Trained research personnel used a standardized form to review the medical record of each participant for demographic information (e.g., age, sex, and ethnicity), length of hospital stay (in days), discharge service, admission diagnosis and number of medications at the time of discharge.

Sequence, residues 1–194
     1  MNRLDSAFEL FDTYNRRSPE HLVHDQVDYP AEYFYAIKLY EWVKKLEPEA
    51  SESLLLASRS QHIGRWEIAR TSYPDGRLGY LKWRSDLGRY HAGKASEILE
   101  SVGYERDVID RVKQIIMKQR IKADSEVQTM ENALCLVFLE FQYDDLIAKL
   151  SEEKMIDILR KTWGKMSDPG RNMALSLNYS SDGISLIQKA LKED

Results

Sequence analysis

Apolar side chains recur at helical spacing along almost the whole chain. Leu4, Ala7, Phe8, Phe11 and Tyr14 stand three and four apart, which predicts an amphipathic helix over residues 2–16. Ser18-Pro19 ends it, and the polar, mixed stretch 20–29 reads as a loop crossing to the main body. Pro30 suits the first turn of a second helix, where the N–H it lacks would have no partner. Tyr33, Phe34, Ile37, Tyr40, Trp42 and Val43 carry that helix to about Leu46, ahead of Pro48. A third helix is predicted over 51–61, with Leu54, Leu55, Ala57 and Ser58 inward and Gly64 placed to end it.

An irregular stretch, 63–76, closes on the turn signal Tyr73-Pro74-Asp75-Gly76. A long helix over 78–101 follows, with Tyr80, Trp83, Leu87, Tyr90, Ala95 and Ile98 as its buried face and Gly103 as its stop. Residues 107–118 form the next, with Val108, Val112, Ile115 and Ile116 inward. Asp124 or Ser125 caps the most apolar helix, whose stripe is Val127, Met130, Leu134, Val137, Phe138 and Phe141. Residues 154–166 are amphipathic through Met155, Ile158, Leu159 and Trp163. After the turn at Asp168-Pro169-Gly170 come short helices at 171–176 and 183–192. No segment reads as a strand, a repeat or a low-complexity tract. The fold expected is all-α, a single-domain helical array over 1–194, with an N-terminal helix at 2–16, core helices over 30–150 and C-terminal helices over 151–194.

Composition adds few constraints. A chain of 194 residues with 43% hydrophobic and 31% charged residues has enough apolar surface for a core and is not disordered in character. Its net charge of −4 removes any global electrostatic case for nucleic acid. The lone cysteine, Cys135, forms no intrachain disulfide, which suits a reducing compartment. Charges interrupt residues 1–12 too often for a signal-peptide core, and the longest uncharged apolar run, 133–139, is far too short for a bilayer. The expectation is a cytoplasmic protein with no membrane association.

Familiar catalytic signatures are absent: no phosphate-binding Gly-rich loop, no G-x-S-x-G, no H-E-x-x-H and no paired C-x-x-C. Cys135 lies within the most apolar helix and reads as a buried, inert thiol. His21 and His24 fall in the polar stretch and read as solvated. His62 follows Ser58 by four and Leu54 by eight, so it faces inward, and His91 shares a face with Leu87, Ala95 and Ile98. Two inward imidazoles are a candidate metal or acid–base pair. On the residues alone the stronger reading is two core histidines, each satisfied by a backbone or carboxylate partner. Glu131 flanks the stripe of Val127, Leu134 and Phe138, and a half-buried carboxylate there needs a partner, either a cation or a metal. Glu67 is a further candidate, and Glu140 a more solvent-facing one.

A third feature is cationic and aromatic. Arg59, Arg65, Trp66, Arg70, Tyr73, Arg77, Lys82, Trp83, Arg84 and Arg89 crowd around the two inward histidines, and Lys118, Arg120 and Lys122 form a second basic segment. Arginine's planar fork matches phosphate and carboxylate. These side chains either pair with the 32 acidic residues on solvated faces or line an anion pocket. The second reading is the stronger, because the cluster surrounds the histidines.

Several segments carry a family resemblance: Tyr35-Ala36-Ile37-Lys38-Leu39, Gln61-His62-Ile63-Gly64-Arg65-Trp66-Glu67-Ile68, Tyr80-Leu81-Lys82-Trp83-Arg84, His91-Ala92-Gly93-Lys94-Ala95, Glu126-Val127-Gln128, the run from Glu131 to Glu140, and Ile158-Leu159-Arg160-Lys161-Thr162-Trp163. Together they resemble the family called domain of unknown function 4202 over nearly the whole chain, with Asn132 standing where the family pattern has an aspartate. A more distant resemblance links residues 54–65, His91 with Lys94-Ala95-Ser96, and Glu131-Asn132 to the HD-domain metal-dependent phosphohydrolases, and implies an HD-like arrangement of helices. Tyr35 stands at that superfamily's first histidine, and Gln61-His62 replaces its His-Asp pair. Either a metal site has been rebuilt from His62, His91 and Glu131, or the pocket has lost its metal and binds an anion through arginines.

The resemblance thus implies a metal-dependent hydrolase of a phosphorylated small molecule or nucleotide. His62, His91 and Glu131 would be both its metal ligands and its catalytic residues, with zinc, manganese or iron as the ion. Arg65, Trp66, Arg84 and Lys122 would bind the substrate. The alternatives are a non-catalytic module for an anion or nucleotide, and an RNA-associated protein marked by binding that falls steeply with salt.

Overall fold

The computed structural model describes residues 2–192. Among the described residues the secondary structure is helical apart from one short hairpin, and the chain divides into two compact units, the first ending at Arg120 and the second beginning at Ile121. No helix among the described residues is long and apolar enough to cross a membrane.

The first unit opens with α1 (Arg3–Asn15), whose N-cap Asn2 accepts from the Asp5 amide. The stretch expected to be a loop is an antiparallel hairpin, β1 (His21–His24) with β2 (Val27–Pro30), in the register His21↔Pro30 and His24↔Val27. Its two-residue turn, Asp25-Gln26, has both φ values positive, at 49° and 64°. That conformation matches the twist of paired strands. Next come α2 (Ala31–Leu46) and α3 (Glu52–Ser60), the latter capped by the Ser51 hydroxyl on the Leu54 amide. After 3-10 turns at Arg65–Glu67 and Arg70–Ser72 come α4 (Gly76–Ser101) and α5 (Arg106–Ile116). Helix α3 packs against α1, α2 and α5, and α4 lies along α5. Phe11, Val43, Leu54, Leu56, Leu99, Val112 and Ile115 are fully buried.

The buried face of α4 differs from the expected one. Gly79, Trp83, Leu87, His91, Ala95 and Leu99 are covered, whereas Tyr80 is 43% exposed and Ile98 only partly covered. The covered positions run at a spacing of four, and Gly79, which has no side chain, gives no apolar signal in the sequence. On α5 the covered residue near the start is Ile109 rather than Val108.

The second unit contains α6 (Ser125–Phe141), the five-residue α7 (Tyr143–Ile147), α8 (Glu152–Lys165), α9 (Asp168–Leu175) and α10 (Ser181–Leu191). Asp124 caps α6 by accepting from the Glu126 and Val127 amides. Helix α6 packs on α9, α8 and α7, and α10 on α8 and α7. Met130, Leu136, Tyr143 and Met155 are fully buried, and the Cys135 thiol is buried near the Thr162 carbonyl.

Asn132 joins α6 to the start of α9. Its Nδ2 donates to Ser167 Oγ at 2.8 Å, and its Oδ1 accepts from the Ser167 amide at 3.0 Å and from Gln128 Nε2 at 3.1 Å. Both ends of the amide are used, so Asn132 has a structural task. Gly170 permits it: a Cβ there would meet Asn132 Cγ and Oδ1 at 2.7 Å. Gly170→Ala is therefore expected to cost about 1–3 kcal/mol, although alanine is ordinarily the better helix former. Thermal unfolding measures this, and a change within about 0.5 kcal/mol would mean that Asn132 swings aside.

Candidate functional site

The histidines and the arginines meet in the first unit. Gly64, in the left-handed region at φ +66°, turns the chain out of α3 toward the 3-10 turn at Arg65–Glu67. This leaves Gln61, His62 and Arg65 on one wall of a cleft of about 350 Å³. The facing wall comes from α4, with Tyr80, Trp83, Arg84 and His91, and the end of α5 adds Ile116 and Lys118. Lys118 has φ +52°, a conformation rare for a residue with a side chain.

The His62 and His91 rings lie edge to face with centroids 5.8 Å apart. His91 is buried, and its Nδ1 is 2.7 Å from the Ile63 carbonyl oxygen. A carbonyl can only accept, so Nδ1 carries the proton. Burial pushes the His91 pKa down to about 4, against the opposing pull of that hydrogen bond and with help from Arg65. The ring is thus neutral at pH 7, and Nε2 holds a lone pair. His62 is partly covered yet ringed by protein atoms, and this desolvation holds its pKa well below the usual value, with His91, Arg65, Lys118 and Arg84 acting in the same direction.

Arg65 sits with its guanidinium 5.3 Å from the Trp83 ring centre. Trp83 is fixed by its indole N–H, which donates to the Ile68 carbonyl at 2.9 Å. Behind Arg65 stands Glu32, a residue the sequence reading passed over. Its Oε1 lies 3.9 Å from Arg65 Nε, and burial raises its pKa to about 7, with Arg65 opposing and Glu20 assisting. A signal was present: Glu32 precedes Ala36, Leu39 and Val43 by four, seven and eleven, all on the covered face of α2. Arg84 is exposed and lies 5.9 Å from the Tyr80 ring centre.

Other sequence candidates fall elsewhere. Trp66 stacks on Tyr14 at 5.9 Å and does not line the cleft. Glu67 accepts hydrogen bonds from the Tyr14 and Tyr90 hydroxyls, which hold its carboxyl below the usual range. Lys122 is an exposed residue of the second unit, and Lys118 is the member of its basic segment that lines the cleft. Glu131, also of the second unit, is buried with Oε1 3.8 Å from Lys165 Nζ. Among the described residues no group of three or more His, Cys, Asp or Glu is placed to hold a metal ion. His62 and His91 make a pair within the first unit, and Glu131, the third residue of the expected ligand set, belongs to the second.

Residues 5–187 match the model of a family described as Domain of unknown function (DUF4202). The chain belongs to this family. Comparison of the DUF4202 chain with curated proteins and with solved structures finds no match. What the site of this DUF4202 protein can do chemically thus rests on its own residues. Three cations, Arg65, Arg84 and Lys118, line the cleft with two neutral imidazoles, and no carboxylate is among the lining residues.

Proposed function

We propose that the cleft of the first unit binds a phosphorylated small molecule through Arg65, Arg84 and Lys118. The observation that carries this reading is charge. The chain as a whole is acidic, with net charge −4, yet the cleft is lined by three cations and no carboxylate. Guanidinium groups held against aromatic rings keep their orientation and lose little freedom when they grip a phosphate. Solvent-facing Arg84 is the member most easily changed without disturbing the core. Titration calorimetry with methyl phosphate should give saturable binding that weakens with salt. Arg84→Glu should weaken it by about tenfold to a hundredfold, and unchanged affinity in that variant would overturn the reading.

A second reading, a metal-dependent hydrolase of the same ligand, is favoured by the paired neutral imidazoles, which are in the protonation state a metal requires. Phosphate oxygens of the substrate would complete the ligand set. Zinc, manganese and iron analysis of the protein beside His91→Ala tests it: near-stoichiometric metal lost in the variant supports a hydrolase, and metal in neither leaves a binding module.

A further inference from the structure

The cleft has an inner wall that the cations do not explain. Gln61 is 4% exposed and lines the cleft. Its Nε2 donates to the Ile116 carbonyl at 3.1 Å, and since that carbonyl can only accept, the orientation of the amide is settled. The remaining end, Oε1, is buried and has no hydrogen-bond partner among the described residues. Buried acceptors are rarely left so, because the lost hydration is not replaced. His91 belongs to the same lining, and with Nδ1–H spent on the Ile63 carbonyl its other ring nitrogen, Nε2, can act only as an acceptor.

Clinically trained research personnel independently assessed patients during the hospital admission for the presence or absence of nine geriatric syndromes (Table 1). Seven syndromes (delirium, cognitive impairment, depressive symptoms, pain, incontinence, unintentional weight loss, loss of appetite) were assessed by direct patient interview (see Table 1 for specific standardized interviews and criteria). For the remaining two syndromes falls and pressure ulcers, a combination of medical record review and interview were performed. The source of information for falls and pressure ulcers was used because there is a concurrent hospital wide effort to perform a standardized fall assessment and pressure ulcer risk assessment (including a Braden score) as part of the nursing admission history and physical. There is no consistent documentation or screening questions for the other syndromes. All information was collected for the purposes of improving the assessment of geriatric syndromes and was subsequently communicated to SNF providers at the point of hospital discharge as part of the larger quality improvement initiative.